North Korean dictator Kim Jong Il dies. U.S. stock futures and EU shares were higher midday in Europe despite Asian bourses mostly falling following the death of North Korean dictator Kim Jong Il over the weekend. In a brief note, Stratfor said his heir apparent, son Kim Jong Un, still lacks the know-how for the job. His uncle, Jang Song Thaek, will probably rule behind the scenes while on-the-job-training takes place. S&P and Fitch said there would be no immediate effect on South Korea's rating, although S&P said that could change if the succession doesn't go smoothly.
Exxon eyes Gulf Keystone at £7B valuation. Exxon (XOM) has approached Gulf Keystone Petroleum (GUKYF.PK) about a deal that could value the company at about £7B ($10.8B), nearly five times its market cap on Friday, The Independent reports. Gulf is sitting on a huge crude discovery in Kurdistan, but the government is thought to want an oil giant involved to develop the field. Other majors - including Chevron (CVX) and Sinopec (SNP) - may also be interested. Gulf's shares were +25% midday in London.
AT&T looks to be giving up on T-Mobile. AT&T's (T) talks to sell T-Mobile (DTEGY.PK) assets have gone cold, sources say, the strongest sign to date that the $39B deal may fall apart. A divestiture could have helped push the transaction past regulators, so AT&T will probably have to choose now between fighting the DoJ in court or settling for a scaled-back arrangement such as a JV or minority stake.
EU to discuss €200B IMF funding. EU finance ministers will hold a conference call today to discuss €200B ($261B) in additional funding through the IMF, and to begin working out the details of new budget rules as part of the eurozone's proposed tighter fiscal union. However, don't expect the U.K. to easily part with the £25B ($38.8B) that the EU wants it to contribute.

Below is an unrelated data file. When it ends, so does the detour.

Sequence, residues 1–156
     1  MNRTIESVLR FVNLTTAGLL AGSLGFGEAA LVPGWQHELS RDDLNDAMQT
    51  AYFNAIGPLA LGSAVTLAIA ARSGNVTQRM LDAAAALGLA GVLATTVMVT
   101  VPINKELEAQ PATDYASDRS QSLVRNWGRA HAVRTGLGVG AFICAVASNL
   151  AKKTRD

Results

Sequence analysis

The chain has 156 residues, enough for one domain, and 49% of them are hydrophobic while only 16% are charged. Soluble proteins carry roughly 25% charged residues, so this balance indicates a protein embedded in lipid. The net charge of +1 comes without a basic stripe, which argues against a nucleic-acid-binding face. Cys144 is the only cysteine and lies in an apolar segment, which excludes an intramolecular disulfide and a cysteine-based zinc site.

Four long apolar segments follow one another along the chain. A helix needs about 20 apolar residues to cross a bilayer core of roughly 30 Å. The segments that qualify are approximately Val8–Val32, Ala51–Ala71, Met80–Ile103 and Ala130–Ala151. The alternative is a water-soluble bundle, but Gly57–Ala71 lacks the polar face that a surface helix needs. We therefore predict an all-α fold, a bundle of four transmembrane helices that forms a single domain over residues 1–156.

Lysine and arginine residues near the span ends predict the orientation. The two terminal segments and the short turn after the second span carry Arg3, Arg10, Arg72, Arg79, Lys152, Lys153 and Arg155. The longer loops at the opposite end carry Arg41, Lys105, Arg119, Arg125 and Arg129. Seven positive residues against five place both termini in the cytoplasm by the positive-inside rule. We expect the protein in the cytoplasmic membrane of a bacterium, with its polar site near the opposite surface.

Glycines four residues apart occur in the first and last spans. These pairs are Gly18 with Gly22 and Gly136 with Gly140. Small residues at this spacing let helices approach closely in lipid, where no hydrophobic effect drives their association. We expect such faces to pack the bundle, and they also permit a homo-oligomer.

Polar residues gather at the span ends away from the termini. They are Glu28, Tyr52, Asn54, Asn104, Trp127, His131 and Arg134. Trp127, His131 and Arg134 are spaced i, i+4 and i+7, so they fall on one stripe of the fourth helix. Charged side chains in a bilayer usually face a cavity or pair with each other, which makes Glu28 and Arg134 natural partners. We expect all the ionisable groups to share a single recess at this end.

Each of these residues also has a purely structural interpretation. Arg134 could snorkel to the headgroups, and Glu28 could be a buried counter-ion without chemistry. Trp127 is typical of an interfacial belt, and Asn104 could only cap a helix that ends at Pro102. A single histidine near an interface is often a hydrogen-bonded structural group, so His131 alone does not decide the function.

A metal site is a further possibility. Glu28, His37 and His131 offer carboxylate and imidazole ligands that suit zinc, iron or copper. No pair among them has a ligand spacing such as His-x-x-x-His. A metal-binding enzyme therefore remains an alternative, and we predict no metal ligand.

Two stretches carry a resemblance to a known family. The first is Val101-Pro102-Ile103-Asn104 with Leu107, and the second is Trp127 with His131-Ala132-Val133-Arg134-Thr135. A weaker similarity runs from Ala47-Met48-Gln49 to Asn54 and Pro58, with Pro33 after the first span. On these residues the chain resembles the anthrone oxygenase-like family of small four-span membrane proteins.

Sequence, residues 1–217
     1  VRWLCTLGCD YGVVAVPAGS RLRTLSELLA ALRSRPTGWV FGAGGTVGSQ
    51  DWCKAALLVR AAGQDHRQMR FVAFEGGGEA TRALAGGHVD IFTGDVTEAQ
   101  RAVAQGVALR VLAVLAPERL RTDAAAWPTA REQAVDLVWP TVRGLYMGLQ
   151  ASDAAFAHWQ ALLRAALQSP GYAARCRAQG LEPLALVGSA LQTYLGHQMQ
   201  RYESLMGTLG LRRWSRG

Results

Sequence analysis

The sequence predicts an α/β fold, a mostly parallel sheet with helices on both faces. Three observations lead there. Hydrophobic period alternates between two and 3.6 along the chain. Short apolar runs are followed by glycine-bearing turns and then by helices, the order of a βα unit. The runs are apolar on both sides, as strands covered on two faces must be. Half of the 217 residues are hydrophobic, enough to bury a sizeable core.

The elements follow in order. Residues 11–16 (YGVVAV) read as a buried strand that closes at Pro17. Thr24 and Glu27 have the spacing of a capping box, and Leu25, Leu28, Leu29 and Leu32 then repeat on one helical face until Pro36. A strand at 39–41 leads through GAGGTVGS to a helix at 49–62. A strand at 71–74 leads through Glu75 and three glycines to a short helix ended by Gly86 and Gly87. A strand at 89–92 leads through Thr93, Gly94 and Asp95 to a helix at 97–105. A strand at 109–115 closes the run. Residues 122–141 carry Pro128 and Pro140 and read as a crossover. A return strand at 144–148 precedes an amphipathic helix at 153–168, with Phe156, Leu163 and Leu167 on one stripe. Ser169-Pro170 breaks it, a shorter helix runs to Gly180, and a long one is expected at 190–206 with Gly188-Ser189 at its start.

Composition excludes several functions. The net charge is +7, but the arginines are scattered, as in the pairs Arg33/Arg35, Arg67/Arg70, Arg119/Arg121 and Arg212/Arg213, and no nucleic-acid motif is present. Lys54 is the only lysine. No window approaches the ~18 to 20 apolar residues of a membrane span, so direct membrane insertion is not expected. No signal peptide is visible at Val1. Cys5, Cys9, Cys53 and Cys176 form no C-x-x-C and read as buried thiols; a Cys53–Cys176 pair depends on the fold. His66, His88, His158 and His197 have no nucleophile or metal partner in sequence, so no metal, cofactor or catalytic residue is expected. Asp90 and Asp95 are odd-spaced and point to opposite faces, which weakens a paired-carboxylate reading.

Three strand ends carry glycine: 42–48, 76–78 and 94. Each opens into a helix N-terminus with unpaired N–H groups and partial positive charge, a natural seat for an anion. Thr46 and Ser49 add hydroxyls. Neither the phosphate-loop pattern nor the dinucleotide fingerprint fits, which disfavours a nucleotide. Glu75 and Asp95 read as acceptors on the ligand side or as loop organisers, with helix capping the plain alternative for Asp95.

GOP divided over payroll tax cut extension. A House vote today on a two-month extension to the payroll tax cut is in doubt after Republicans expressed strong objections to the bill despite their colleagues helping to pass the measure in the Senate following a deal with the Democrats. House Speaker John Boehner wants a year's extension, saying the shorter time period would create uncertainty for workers and employers. However, there is major disagreement over how to pay for the longer extension.
U.K. to accept bank panel's recommendations. U.K. Finance Minister George Osborne is expected to say today that he will accept most of the Vickers Commission's bank reform proposals, including a firewall between their retail and wholesale businesses. However, plans for strengthened capital rules will probably be delayed to fit in with an EU timetable, and, in a major boost for HSBC (HBC) and Standard Chartered (SCBFF.PK), could be limited to a bank's British operations.
Iran embargo talks stepped up. The U.S. and EU are seeking assurances from major oil states, such as Saudi Arabia, Kuwait and the UAE, that they would increase exports in order to keep markets calm if an embargo is placed on Iranian oil and its central bank. Officials from 11 countries are due to meet tomorrow in Rome.